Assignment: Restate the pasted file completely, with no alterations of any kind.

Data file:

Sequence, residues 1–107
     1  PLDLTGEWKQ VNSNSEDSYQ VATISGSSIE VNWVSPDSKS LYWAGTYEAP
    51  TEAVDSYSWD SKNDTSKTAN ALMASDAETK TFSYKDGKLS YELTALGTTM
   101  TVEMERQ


Sequence, residues 1–107
     1  PLDLTGEWKQ VNSNSEDSYQ VATISGSSIE VNWVSPDSKS LYWAGTYEAP
    51  TEAVDSYSWD SKNDTSKTAN ALMASDAETK TFSYKDGKLS YELTALGTTM
   101  TVEMERQ